Oil futures threatened to extend a losing streak to three days, remaining under pressure Wednesday after official data showed an unexpected rise in U.S. crude inventories.

West Texas Intermediate crude for September delivery
CL00,
-2.07%

CLU21,
-2.07%

was down $1.66, or 2.4%, at $68.90 a barrel on the New York Mercantile Exchange. October Brent crude
BRN00,
-1.41%

BRNV21,
-1.41%
,
the global benchmark, fell $1.23, or 1.7%, to $71.18 a barrel on ICE Futures Europe.

The Energy Information Administration said U.S. crude inventories rose by 3.6 million barrels in the week ended July 30. Gasoline inventories, however, fell by 5.3 million barrels, the agency said, while distillate stocks were up 800,000 barrels.

“With refinery runs anchored below 16 million barrels per day for a second consecutive week and exports dropping, we’ve seen crude inventories show a surprise build,” said Matt Smith, director of commodity research at Clipper Data.

“Ongoing strength in imports has also helped encourage a second build in three weeks,” he said, though the large drop in gasoline inventories helped offset the bearishness of the crude data. Implied gasoline demand “has popped as we hit the peak of summer driving season,” Smith said. “Implied distillate demand dropped materially, however, leading to a minor build.”

Analysts surveyed by S&P Global Platts, on average, had forecast the EIA data to show crude inventories down by 4 million barrels last week. Gasoline stocks were expected to show a drop of 1.1 million barrels, while distillate supplies were seen down 600,000 barrels.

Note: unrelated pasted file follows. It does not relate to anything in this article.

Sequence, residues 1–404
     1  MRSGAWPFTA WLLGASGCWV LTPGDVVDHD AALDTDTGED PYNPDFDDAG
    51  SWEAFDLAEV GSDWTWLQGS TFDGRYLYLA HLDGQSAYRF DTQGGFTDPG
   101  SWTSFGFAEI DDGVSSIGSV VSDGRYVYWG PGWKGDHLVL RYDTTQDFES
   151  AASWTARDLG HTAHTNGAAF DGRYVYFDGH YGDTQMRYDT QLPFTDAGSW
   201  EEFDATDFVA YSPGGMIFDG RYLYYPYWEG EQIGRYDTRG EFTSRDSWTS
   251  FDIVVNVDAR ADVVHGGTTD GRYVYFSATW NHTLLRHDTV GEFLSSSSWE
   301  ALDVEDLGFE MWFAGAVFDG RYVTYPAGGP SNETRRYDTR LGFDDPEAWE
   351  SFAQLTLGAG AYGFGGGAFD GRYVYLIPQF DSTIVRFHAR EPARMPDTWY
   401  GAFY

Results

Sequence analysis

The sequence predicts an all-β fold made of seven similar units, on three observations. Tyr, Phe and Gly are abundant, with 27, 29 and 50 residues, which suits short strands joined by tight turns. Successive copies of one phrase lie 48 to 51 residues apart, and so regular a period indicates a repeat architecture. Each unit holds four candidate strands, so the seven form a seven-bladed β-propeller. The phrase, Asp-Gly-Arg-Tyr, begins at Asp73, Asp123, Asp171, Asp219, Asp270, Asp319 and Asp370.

The American Petroleum Institute late Tuesday reported that U.S. crude inventories fell by 879,000 barrels last week, according to sources. Gasoline supplies were said to fall by 5.8 million barrels, while distillate inventories were down 717,000 barrels.

Crude prices are facing pressure this week as the spread of the delta variant of the coronavirus that causes COVID-19 stokes concerns about the outlook for demand, particularly in China, the world’s second largest economy.

“The risks to demand in China remain the number one topic,” said Barbara Lambrecht, analyst at Commerzbank, in a note, observing some analysts have already started reviewing gross domestic product forecasts for the third quarter.

China on Tuesday ordered mass coronavirus testing in Wuhan, as a series of COVID-19 outbreaks reached the city where the disease was first detected in late 2019. Beijing’s top transportation official cut off travel into the capital to protect it from exposure to the virus, The Wall Street Journal reported.

China’s National Health Commission said 1.69 billion shots of COVID-19 vaccines had been administered to China’s population of 1.41 billion people by the end of Monday, the Journal reported. Much of the transmission of the virus is silent, the report said, with patients often having no or only very mild symptoms and therefore not seeking medical attention.

But renewed business and consumer lockdowns are what worry oil traders.

“There is particular nervousness on the oil market because oil demand suffers considerably from mobility restrictions imposed in a bid to combat coronavirus,” Lambrecht wrote. “Let us not forget that global oil demand slumped by 8.7% year-on-year last year, whereas coal demand declined by 4% and gas demand fell by ‘only’ just shy of 2%.”

September gasoline
RB00,
-0.29%

RBU21,
-0.29%

was down 0.3% at $2.2633 a gallon, while September heating oil
HO00,
-1.43%

HOU21,
-1.43%

fell 1.5% to $2.0944 a gallon.

September natural gas
NG00,
+4.22%

NGU21,
+4.22%

jumped 4.3% to $4.202 per million British thermal units.

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